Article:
‘Un petite Sancerre’ as an aperitif (since Sancerre is just down the road) then buffet dinner which was fabulous; whelks and crevettes followed by Fillet Mignon and Andouilles de Canard (not Adam’s favourite) and vegetables. Then of course I fed another of my passions with a plate of cheese. All with wine on tap. When we went to pay the owner wouldn’t let us pay for our aperitif or the full bill. A wonderful evening if not a little confusing, we had talked incessantly about possible plans for the future; the next day and also the next year, reflecting on our fascinating journey, good and bad, so far.
Adam was up with the sun, I enjoyed the sun rising behind Cosne across the Loire from bed, having enjoyed a little too much Sancerre the night before.
A quick stop off in Sancerre village to buy, well what else – creamy, floral Sancerre from a very friendly lady at Fournier Pere & Fils. Then through Pouilly sur Loire where we stopped for more wine tasting and to buy a couple of bottles of Pouilly Fume.
A beautiful drive following the Loire valley down through Bourgogne, lunch of local speciality Gougere (a choux pastry ball with cheese) sat in the beautiful cathedral square in medieval hill town of Vezelay.
Our ‘bed’ pitch for the night, the garden of Chateau de Premeaux, another very nice France Passion spot. Canopy up in plenty of time for the downpour this time, we sat all smug and dry enjoying our very nice Pouilly Fume followed by one brought from Oxford (a Primitivo) which went quite well with our absolutely divine steaks bought in Heurtaville. We must write to thank Isabelle at Ferme Vautier.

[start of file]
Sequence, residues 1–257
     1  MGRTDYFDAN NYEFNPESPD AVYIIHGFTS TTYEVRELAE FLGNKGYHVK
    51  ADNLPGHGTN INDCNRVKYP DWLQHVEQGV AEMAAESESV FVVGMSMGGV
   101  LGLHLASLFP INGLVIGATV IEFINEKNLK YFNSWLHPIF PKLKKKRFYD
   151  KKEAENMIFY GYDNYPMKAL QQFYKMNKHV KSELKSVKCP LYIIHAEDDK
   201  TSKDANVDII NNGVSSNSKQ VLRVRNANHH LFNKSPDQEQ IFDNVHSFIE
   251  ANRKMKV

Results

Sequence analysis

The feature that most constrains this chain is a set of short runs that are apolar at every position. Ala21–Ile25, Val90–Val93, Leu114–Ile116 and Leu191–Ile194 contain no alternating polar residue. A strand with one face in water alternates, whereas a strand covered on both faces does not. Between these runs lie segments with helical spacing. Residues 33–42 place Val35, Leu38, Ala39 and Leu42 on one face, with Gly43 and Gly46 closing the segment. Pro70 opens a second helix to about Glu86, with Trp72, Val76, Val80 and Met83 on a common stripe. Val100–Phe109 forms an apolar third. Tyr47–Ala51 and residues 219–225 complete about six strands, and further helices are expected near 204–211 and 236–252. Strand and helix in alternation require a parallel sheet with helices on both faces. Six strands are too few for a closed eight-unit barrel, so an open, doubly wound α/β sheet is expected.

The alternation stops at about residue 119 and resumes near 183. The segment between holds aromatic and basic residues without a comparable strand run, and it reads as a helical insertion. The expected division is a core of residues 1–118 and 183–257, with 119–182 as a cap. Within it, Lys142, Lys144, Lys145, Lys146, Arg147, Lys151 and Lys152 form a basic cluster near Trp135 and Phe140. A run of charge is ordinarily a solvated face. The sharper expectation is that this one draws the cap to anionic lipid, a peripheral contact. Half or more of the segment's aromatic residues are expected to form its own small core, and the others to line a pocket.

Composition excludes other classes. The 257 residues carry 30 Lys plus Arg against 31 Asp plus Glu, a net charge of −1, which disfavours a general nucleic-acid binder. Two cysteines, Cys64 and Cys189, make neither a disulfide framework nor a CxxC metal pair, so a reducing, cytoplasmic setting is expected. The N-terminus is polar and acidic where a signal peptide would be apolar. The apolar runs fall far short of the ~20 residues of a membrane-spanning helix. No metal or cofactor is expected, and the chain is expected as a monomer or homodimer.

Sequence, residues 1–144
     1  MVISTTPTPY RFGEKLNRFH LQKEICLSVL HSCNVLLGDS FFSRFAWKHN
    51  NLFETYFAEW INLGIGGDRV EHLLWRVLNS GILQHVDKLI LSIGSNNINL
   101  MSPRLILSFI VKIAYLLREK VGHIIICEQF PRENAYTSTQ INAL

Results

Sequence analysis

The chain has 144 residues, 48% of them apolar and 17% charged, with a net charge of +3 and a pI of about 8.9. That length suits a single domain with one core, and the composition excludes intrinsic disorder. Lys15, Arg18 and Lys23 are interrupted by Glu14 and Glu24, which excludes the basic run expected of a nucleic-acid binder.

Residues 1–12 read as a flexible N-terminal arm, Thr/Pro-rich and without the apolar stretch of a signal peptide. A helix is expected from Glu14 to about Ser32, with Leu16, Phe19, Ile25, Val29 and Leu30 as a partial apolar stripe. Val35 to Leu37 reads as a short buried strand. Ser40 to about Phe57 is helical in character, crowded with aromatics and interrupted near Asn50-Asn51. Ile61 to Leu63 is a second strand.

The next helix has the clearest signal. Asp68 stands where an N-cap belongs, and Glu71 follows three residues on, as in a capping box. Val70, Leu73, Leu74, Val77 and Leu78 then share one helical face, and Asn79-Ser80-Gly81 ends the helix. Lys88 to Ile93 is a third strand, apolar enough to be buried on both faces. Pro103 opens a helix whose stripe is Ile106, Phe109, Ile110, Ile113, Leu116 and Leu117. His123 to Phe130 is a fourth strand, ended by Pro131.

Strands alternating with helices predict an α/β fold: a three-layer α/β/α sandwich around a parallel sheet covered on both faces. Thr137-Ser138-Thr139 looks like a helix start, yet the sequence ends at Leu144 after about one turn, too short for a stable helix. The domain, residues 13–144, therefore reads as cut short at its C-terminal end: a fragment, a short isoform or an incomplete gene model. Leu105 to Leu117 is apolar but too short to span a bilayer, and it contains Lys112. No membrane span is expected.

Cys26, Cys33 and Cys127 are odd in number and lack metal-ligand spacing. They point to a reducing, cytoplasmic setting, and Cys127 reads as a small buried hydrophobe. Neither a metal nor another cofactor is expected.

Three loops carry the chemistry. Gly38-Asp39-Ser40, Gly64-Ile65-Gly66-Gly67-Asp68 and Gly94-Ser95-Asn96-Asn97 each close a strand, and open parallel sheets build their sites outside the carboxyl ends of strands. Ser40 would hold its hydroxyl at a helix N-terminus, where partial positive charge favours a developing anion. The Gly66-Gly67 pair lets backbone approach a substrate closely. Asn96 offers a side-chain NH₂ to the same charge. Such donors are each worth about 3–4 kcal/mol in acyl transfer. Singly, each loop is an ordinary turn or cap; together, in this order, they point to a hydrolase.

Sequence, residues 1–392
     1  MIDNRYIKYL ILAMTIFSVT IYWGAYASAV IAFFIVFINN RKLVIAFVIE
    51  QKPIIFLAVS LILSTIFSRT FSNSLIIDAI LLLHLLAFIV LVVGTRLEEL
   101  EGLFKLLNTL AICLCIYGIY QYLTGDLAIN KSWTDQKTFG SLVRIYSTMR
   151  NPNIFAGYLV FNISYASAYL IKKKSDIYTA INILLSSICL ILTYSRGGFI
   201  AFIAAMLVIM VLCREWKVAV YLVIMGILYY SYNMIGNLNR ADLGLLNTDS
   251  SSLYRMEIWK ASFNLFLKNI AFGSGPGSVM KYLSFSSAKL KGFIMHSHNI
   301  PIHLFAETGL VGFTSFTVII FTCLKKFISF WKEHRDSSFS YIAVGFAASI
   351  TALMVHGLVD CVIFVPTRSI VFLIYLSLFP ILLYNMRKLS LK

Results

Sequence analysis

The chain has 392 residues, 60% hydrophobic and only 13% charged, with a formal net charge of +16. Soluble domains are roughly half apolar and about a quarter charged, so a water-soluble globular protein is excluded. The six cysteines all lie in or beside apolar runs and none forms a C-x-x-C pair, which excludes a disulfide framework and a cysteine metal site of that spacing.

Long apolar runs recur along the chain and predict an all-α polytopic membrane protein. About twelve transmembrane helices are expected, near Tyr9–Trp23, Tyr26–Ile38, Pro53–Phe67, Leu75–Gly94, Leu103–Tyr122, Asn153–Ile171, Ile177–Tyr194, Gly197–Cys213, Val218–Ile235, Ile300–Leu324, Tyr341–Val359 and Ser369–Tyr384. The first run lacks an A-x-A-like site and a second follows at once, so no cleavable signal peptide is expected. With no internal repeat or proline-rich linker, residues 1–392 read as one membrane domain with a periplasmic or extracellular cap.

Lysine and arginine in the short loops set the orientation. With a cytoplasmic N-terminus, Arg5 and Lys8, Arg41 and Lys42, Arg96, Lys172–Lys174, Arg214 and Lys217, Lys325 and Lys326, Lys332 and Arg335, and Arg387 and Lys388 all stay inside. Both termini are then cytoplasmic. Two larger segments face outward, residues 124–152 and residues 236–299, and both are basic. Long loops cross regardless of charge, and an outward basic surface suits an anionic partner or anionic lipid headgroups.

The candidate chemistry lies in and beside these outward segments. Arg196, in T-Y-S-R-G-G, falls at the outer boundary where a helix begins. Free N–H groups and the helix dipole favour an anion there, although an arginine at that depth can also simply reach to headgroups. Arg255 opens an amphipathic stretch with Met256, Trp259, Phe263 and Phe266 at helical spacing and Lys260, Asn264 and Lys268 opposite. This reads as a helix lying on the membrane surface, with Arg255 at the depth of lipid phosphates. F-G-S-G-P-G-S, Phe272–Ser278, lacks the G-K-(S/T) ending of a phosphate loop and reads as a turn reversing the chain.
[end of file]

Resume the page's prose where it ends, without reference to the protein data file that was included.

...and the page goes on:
Sadly still raining when we woke to the sound of frogs croaking down by the lake in the garden, we packed up to get an early start. This weather is making us both feel down and like we’re just going through the motions at the moment. Madame Pelletier at Chateau de Premeaux told us that the vines need the rain; everywhere is very dry. Our souvenir from Premeaux three bottles of red wine, two Nuit St Georges and a Pommard. We’ll enjoy them along the journey somewhere and remember meeting lucky Mme Pelletier whose husband was born in the Chateau and she has lived in this idyllic spot now for 40 years.
We needed to cover ground today so a long time in the van and back on the motorway rather than D roads, neither of us feeling top of the world, both still not quite in the groove so finding lunch could have been quite a chore. We pulled off the motorway seeing a D road that ran parallel through a few villages, after passing through several of these villages, we spotted Restaurant de Marine by the side of the canal, quite an intriguing looking place with a Plat du Jour board and plenty of trucks outside. As we entered and found a table in the packed bar restaurant, Adam spotted I was the only woman of the perhaps 70 customers. Fantastic home cooked, local food, half a litre of local wine for 2.70€, really friendly service and a lovely repost in our long day.
I write this as the thunderclouds threaten again this time in the Haut Vosges near Belfort in Masevaux village. Our last night in France, for now, at a nice quiet campsite where we can fill up with fresh water. France Passion has allowed us to see and experience places off the beaten track, to meet some interesting people with such different lives to us, places and people that we would never have found otherwise.